November 16, 2016—A new 11-country survey from The Commonwealth Fund finds that adults in the United States are far more likely than those in 10 other high-income nations to go without needed health care because of costs and to struggle to afford basic necessities such as housing and healthy food. The survey findings, published today as a Health Affairs Web First article, also indicate that Americans are sicker than people in other countries and experience high levels of emotional distress.
Despite a significant decline from 2013, about one-third (33%) of U.S. adults went without recommended care, did not see a doctor when sick, or failed to fill prescriptions because of cost. By comparison, as few as 7 percent in the U.K. and Germany and 8 percent in the Netherlands and Sweden experienced these cost problems. The U.S. also stands out for its exceptionally high rate of material hardship. Fifteen percent of U.S. adults reported worrying about having enough money for nutritious food and 16 percent reported struggling to afford their rent or mortgage.
Adults in the U.S. were also the most likely to be in poor health. More than a quarter (28%) of U.S. respondents reported having multiple chronic illnesses—by far the highest rate of any country surveyed—and a similar proportion (26%) said they experienced emotional distress in the past year that was difficult to cope with on their own. Respondents in Canada (27%) and Sweden (24%) reported similar levels of emotional distress.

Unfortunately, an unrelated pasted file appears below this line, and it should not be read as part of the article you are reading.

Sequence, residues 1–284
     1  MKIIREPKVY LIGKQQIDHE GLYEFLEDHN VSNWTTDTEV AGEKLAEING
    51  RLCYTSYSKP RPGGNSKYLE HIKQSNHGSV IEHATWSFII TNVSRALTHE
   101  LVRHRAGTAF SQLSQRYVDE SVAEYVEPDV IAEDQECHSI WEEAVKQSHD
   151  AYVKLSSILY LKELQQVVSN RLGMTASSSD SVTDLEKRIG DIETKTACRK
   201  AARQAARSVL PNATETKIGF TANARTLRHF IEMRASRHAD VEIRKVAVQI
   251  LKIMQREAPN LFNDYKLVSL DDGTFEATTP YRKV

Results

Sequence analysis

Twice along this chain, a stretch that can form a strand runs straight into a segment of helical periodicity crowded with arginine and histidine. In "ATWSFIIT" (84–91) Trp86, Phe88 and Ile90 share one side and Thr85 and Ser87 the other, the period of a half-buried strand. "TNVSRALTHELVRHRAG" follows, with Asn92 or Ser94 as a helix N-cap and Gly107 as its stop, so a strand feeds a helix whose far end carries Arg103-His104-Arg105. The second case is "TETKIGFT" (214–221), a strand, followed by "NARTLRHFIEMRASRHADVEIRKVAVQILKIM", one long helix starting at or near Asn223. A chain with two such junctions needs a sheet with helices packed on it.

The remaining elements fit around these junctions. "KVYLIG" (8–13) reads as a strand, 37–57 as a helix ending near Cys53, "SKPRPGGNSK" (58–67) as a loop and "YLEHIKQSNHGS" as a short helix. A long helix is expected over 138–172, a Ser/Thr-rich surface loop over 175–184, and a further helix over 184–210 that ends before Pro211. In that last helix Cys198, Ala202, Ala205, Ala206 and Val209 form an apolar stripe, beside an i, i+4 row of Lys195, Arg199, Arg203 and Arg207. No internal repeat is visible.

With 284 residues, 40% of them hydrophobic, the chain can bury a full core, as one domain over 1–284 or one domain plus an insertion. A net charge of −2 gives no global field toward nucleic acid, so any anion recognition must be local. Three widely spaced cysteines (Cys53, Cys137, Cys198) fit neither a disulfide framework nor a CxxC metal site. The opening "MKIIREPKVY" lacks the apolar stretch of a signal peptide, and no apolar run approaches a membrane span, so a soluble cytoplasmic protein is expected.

The Commonwealth Fund’s 2016 international survey interviewed 26,863 adults from Australia, Canada, France, Germany, the Netherlands, New Zealand, Norway, Sweden, Switzerland, the United Kingdom, and the United States. Questions focused on people’s experiences with their country’s health care system—comparing their assessments of health care access, quality, and affordability—as well as on self-reported health and well-being. The study’s authors note that by examining the variation in performance of national health systems, the U.S. can gain useful insights as it implements new reforms and seeks to meet the needs of vulnerable patients.
“Previous surveys have shown that, especially compared to other industrialized nations, the U.S. has far too many people who can’t afford the care they need, even when they have health insurance,” said Robin Osborn, Vice President and Director of The Commonwealth Fund’s International Program in Health Policy and Practice Innovations and the study’s lead author. “This survey underscores that we can do better for our sickest and poorest patients, and that should be a high priority in efforts to improve our current system.”
Lack of Support for Low-Income Patients in the U.S.
Survey respondents in all 11 countries reported shortcomings in access to care for low-income adults. However, these problems were particularly acute in the U.S., where 43 percent of low-income adults reported forgoing care because of costs—the highest rate of any country. In the other countries, these rates ranged from 8 percent in the U.K. to 31 percent in Switzerland.